(The 43rd Annual Seattle International Film Festival starts May 18 and ran almost a month, all the way until June 11. Stay tuned to Hammer to Nail for reviews throughout the festivals monster run.)
“No wonder your president has to be an actor. He’s gotta look good on television!”-Doc Brown, Back to the Future
When asked if he thought his acting background was an advantage to doing the job of president, Ronald Reagan replied, “There are times I’ve wondered how you could do the job if you hadn’t been an actor”. It’s a telling statement from a president who spent two thirds of his time on public relations, logging more screen time up to that point than the combination of all other politicians since the advent of television. Sierra Pettengill (Town Hall) and Pacho Velez (Mankamana) created their documentary, The Reagan Show using news and behind-the-scenes footage from Reagan’s two-term presidency (1981-89). The result is equal parts amusing, upsetting, and apropos with regard to our current political poop show. Like with Trump, it was easy to make fun of Reagan when he didn’t have his finger on the nuke button.
The film has no narration, as none is needed. The footage speaks for itself. It’s a mostly chronological explanation as to why a man who was so ineffectual (if not downright detrimental) is considered by many to be “the Great Communicator”. No one can deny that he was charismatic. Like any actor, he knew how to smile, hit his mark, wave, and take direction. He was in his element at photo shoots, even coming up with a couple of ideas himself. POTUS was his meatiest role. But riding horses and inviting Mr. T to the Oval Office did nothing for the failing economy, the Cold War, or the threat of nuclear annihilation. As Ted Koppel so eloquently put it, “He’s a leader…but to lead us where…and into what?”
Before changing careers, Reagan was a successful actor, staring in 53 films. In nearly all of these roles, he played a variation on the theme of the upstanding, all-American hero. That’s precisely the sort of archetype the American people dream of having in the nation’s highest office. Trouble is, it’s an elaborate fiction. When Reagan filmed a television spot endorsing John Sununu, they naturally didn’t air the numerous outtakes, in which a flustered Reagan repeatedly flubbed the senator’s surname pronunciation. “I know John SU-nunu”, he erroneously claimed. Before his seemingly flawless and commanding addresses to the nation, the film shows him repeating key phrases as if running lines. Occasionally, he would do multiple takes.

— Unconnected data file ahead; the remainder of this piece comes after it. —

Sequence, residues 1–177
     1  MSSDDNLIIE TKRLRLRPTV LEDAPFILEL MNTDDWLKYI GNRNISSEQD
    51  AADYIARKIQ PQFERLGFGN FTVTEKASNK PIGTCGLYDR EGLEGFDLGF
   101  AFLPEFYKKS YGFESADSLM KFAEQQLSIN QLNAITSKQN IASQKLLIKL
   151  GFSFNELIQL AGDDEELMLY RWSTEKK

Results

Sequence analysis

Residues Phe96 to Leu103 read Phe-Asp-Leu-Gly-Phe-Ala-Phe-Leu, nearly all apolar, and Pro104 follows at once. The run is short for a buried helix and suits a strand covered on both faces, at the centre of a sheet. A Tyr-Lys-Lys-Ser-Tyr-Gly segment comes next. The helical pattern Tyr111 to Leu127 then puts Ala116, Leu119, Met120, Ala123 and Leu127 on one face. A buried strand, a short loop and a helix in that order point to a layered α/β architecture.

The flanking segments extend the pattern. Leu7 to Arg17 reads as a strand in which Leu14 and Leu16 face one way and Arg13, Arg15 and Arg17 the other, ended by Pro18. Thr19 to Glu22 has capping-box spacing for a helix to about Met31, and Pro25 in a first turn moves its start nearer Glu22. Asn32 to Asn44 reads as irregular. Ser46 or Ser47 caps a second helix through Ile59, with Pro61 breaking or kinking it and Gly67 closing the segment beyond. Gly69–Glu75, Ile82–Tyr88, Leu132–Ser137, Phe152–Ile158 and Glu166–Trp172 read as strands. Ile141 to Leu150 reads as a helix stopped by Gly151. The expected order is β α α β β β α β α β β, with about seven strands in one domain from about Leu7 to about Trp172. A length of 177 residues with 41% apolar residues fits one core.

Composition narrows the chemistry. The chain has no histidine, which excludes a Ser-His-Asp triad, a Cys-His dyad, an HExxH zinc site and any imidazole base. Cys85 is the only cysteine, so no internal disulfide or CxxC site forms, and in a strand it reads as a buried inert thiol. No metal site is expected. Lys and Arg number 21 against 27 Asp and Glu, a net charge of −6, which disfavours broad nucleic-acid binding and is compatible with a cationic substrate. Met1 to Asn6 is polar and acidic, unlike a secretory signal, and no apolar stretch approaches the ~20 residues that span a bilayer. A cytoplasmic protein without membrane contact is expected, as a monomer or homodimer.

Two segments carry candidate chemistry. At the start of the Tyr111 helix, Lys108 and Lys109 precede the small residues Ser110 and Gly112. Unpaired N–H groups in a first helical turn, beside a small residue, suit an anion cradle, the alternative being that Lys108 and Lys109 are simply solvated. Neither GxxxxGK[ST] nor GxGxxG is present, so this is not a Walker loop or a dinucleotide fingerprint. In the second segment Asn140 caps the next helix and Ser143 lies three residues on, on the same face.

The film also montages Reagan’s skilful ability to dodge the press. He was rarely caught away from the deafening roar of a helicopter or airplane, and he was always in a hurry. During a press conference, Nancy interrupted a pointed question with a strategically timed birthday cake. He was an actor, but not an improviser.
What did make it to air is almost more disturbing – including his address regarding the Iran Contra affair. Reagan claimed he wasn’t aware of the details about the document he signed, which traded nuclear weapons to Iran in exchange for American hostages. When the deal leaked, his response to the press was that, “My heart tells me it’s not true, but the facts tell me it is.”
The meat of the film involves Reagan’s sheer ineptitude regarding how to handle nuclear weapons, particularly in regard to the then called Union of Soviet Socialist Republics. An Atari-esque graphic illustrates Reagan’s childlike plan for the Strategic Defense Initiative, also known as Star Wars. It seemed so simple to him. Just put some satellites in orbit that can detect and destroy nuclear weapons as they breach Earth’s atmosphere en route to their targets. This cockamamie idea in no way comforted the American people, who pretty much expected to die at any moment under his leadership. A TV movie called The Day After was considered, in those times, a realistic depiction of nuclear attack and fallout. Reagan himself was among the 100 million viewers. A little girl, who was an extra in the film, told an interviewer that she hoped to be at ground zero “when it happens”.
Though the The Day After was a byproduct of the Reagan administration, he also seemed to have bought into his own bullshit. When villainizing the “Evil Empire” strangely didn’t bring about peace, Reagan met with Russian leader Mikhail Gorbachev to come to an agreement on how to reduce their respective nuclear arsenals. After a couple of days in Geneva, they accomplished little more than numerous photo opportunities. It took several more unproductive (and well-photographed) meetings, but they eventually compromised with the Intermediate-Range Nuclear Forces (INF) treaty, which resulted in the elimination of around 2500 short-range missiles by 1991. For a long time, however, the summits played like a series of awkward dates.
If this film had been released during the Obama administration, it might have seemed almost quaint. But in retrospect, it feels like a light rainstorm before the world-ending flood. The real Reagan Show set a presidential precedent, emphasizing public image over policy. The film also features the last bastions of television journalism: Ted Koppel, Tom Brokaw, Peter Jennings, et al. They weren’t afraid to scrutinize and question the administration in the interest of the American people. Today, unbiased reporting is all but extinct. The Reagan Show was only the beginning. As Reagan ominously stated, “You’ve got to save something for the 3rd act.”
– Jessica Baxter (@tehBaxter)